Aeonium Arboreum Leaf Propagation- Is It Possible?

Updated: Jun 8

Aeonium Arboreum also known as Tree Aeonium or Tree Houseleek is a succulent plant from the family Crasaulaceae.


Native to the Canary Islands, it is widely distributed all over the world and can be found in many gardens and succulent collections. It is a favourite amongst gardeners due to its hardiness and beauty.


Let's have a closer look at this beautiful succulent. All the advice below is based on growing thousands of these succulents in our nursery Fern Farm Plants.



Description


Aeonium Arboreum grows as a medium sized shrub with the main stem branching out and ending in a rosette type arrangement. Each rosette can measure up to 25 cm, depending where it is grown- plants in shade can measure wider with longer leaves whereas plants grown in full sun will be more compact and smaller. The plant can easily grow to over 1.5m height and approximately 1m in width.



The leaves are a shade of green. New growth at the centre of the rosette is arranged tightly together. Plants in the shade are of a darker green colour, plants in the sun will have almost fluoro green colour. The colour can change with the seasons and growing conditions.

In the summer months, Arboreum is likely to grow flatter heads and lose a few bottom leaves. During droughts Aeonium can shed much of their foliage, leaving compact rosettes at the end of each branch.


In winter, when this succulent grows the most, the leaves will spread out and a round of new offsets will form around the existing rosettes. The more mature the rosette, greater the number of offsets.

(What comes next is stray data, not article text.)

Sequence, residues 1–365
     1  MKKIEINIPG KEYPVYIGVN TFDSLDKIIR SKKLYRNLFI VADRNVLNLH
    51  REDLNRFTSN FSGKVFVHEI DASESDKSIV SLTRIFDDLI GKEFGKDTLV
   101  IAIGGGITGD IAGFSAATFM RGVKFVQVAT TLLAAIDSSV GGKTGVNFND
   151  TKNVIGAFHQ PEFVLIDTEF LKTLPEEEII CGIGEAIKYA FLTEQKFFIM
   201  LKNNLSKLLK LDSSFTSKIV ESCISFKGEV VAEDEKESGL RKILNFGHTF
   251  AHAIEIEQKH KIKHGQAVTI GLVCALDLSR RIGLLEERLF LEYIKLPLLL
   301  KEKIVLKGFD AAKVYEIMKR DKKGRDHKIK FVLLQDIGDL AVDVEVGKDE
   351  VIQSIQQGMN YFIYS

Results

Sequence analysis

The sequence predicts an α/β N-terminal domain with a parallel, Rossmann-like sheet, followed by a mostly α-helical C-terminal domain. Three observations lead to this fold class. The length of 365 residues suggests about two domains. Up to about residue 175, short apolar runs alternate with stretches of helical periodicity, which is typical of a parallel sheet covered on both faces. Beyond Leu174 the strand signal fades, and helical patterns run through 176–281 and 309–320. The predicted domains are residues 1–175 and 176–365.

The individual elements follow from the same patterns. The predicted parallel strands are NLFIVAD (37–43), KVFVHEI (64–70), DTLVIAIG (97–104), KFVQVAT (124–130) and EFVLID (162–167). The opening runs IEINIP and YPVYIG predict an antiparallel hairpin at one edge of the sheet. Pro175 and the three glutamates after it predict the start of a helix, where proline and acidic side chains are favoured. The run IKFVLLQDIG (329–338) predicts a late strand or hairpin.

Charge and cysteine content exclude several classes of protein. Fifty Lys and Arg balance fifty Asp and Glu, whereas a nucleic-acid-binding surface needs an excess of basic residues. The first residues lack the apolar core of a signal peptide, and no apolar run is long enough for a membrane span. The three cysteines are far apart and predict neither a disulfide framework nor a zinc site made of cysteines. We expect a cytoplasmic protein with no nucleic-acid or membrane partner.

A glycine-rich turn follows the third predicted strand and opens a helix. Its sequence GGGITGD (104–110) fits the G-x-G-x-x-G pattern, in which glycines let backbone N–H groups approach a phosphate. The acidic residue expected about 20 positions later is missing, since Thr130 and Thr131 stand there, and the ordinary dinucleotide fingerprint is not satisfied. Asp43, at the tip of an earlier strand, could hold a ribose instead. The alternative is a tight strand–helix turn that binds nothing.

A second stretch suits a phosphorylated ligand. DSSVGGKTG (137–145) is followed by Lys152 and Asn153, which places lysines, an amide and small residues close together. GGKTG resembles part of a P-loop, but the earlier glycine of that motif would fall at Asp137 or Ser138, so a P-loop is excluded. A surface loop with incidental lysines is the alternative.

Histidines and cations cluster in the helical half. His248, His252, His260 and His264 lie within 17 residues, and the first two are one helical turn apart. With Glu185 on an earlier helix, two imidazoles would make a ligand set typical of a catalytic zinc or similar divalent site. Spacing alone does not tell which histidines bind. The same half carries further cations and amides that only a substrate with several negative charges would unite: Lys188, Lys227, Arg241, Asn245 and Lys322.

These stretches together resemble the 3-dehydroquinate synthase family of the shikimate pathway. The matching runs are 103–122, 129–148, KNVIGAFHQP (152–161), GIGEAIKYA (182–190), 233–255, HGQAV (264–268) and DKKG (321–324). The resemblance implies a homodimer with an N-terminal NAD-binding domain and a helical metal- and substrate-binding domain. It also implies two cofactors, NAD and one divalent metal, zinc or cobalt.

Young offsets eventually branch out. This is how the Aeonium Arboreum got its nickname, Tree Aeonium.


The shape of Aeonium Arboreum can be managed into tall or more bushy by selectively clipping off offsets or whole branches.



The flowering of this succulent can be random, depending on the age and location of the plant. Most of the time the Aeonium Arboreum flowers in late winter-early spring.

A cone of small, yellow, multi-petal flowers will grow out of the centre of mature rosettes. The flowers last for approximately a month then the rosette will die. If the dying rosette is cut off, new offsets will form at the wound site. All Aeonium are monocarpic meaning the flowering rosette will die.


Monocarpic succulents send out, what is called, a death bloom. The middle of the rosette will start growing outwards and eventually transform into a bunch of flowers.


If the flowers are pollinated seed pods form but the rosette, the flower is coming out of, will perish. It is unlikely the whole plant will die as new offsets tend to form before the bigger rosettes burst into flower.


Propagation


Aeonium Arboreum easily propagates from cuttings of offsets. The best time to propagate is in early spring. Aeonium Arboreum is summer dormant and difficult to propagate during summer months.


After cutting an offset or a branch, leave in a shaded, dry spot for about 24 hours and then plant either directly in the garden or in succulent potting mix in a pot. Roots should appear in 3-4 weeks. To learn more about how to propagate cuttings see our article on how to take and plant succulent cuttings.